Xavier Dolan could win the Palme d'Or for 'Mommy'
Enfant terrible Xavier Dolan has arrived at Cannes. And here's taking the Palme d'Or home with him. Maybe. Probably. The director's fifth feature - Mommy - is perhaps his finest work yet, quite the feat considering the majesty of his debut I Killed My Mother and Tom At The Farm.
Xavier Dolan at the Cannes Film Festival
Dolan remains an obscure filmmaker in the United States and his work is derivative of pretty much nobody. His latest movie is screened in 1:1 aspect ratio.
It tells the story of a widowed single mother, raising her violent son alone. She finds new hope when a mysterious neighbor inserts herself into their household.
"Composed of one unpredictable scene after another without the meandering self-indulgence of previous films, "Mommy" feels as if Dolan has deliberately unlearned everything he's seen onscreen before and embraced a fresh naivete that allows him to seek the most direct, honest and emotional way of communicating any given feeling," said Peter Debruge of Variety.
"It's an uproariously emotional movie, to all appearances painfully personal and featuring performances which are almost operatic in scale. These are real heart-on-sleeve performances; even heart-on-straightjacket performances," said Peter Bradshaw of The Guardian.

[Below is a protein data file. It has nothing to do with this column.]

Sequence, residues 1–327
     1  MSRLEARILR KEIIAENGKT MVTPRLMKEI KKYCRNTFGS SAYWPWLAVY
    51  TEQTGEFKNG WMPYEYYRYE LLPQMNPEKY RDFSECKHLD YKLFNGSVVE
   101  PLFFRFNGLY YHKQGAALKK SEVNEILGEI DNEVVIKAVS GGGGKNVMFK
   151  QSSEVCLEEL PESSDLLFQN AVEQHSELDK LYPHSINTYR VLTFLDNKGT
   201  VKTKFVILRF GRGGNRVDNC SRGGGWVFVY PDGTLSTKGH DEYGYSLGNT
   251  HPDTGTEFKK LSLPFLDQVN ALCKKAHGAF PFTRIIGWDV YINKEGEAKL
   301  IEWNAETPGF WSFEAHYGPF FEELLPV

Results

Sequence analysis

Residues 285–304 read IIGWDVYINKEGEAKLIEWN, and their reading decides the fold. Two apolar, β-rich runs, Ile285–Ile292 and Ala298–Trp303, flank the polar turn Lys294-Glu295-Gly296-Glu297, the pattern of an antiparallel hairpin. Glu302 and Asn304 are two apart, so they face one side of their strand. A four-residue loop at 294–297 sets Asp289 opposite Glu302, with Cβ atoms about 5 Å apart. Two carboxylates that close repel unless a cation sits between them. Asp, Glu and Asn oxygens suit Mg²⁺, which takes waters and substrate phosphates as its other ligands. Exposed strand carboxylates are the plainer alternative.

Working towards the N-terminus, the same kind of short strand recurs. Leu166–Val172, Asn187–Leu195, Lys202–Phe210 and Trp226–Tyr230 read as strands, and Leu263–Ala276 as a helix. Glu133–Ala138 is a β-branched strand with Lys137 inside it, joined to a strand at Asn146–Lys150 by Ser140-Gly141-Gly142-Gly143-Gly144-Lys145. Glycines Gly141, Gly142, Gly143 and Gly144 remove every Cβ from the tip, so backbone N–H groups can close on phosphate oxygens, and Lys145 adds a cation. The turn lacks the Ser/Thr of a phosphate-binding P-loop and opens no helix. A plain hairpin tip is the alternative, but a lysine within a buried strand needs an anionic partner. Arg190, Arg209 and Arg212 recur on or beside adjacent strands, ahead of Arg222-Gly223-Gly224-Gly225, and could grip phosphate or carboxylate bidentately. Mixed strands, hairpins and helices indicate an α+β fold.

"There's a chance the Cannes jury, headed by filmmaker Jane Campion, will share the enthusiasm of the early critics and award Mommy the Palme d'Or. That would make Dolan the youngest director to take the Festival's top prize - one year younger than Steve Soderbergh when he won for sex, lies and videotape in 1989," said Mary Corliss of Time magazine.
Mommy remains one of the frontrunners to take Cannes' top prize - along with Mike Leigh's Mr Turner - and speaking to The Guardian about its chances, Dolan said: "My movie is very Quebec-cy, but it would be an international victory. My generation don't relate to the old squabbles anyway. People should express themselves no matter what their age. That would be the way to see it, rather than as a victory for a country."